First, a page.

A holy man once said that singing is a lover’s thing.
Out of the utter depths of love, St. Augustine wrote, singing is produced.
In their own expression of love for Mary and gratitude for their church, the choir at Our Lady of Mount Carmel Parish in Littleton performed a one-of-a-kind sound during a solemn traditional Mass July 16.
Using Medieval chants and polyphony—or multiple sounds that create one melody—the parish honored its patron Our Lady of Mount Carmel.
Rick Wheeler, music director for the parish, said he doesn’t think there’s another Mass with music like it.
“As far as we know, no other (polyphonic Mass) in history begins in the way ours does,” he said.
He worked with fellow composer and friend Lee Graham to create a music score for the 7 p.m. feast day Mass at the Littleton church that celebrates the Tridentine Latin Mass.
“(My friend) and I consulted for hours on the phone and talked about examples and musical ideas and themes,” Wheeler said.
He said they decided to draw on the Church’s sacred music tradition to celebrate its feast day.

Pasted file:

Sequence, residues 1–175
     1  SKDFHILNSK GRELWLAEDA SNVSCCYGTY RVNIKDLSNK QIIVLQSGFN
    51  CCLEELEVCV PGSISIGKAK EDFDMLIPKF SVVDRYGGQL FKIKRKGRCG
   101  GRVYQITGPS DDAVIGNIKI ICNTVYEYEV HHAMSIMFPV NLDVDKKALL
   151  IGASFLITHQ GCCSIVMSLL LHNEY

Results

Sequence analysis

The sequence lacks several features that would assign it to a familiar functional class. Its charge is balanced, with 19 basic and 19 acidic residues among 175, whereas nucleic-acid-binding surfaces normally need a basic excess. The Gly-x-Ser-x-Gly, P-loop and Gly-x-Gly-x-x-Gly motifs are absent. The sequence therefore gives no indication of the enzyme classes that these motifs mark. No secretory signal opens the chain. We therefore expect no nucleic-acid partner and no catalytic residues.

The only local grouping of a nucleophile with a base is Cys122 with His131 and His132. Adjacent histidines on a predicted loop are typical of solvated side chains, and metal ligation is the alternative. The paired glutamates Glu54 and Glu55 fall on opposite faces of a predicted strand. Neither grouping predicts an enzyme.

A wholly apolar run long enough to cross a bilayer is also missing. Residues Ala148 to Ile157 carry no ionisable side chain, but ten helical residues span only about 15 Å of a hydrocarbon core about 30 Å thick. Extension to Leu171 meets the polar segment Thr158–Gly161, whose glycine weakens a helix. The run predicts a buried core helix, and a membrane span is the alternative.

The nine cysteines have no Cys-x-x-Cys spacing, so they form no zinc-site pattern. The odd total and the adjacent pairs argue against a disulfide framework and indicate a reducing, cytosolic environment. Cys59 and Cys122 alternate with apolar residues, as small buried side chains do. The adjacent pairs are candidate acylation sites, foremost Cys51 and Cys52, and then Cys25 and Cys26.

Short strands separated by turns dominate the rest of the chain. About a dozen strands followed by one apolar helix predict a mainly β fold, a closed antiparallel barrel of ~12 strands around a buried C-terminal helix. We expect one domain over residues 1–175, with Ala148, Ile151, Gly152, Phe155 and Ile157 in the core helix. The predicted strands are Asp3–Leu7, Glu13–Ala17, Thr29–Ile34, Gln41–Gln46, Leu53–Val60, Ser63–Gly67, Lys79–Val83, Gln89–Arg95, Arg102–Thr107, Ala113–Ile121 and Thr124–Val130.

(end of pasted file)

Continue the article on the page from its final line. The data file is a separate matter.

They drew on the polyphony sounds of the Renaissance, known in the musical world as the height of perfection for liturgical music. The sound adds a “dignity, majesty and prodigious richness” to the Mass, Venerable Pope Pius XII wrote in his 1955 encyclical Sacred Music.
The Second Vatican Council also supported the use of Gregorian chant, saying it is suited for the Mass and should be given “pride of place in liturgical services.”
“We can write music in the 21th century that’s just as beautiful,” he said.
The music for the Mass imitated that of France, Spain and Italy around the 1500s and was inspired by the work of Tomás Luis de Victoria, a famous 16th-century composer in Spain.
“We took many examples of polyphonic Masses of the 1500s and 1600s and noticed one specific characteristic that stuck out to us: an alternation of chant and polyphony,” Wheeler said. “Both of us quickly came to the conclusion that the Mass had to be like that very historical style.”
The music score for the Mass fluctuated between Gregorian chants written specifically for the Mass and polyphony written by Graham, sung in Latin—and some Greek—by a choir of more than a dozen men and women, Wheeler said.
The music composed included an entrance song, a hymn after Scripture readings, Alleluia and a communion verse—most commonly from Scripture.
Other parts of the Mass that do not change—including the Gloria, the Creed, the Hosanna, and Lamb of God—were also sung in Latin.
“We’re finding those older chants and bringing them back,” he said.
Wheeler said he is sharing the full score with musicians so other parishes have the chance to share in the Church’s sacred treasure.